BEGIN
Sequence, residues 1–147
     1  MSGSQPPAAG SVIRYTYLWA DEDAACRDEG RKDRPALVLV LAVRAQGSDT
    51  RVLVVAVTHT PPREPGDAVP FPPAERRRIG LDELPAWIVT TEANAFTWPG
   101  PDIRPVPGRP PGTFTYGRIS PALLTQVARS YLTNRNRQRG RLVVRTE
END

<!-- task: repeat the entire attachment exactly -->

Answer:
Sequence, residues 1–147
     1  MSGSQPPAAG SVIRYTYLWA DEDAACRDEG RKDRPALVLV LAVRAQGSDT
    51  RVLVVAVTHT PPREPGDAVP FPPAERRRIG LDELPAWIVT TEANAFTWPG
   101  PDIRPVPGRP PGTFTYGRIS PALLTQVARS YLTNRNRQRG RLVVRTE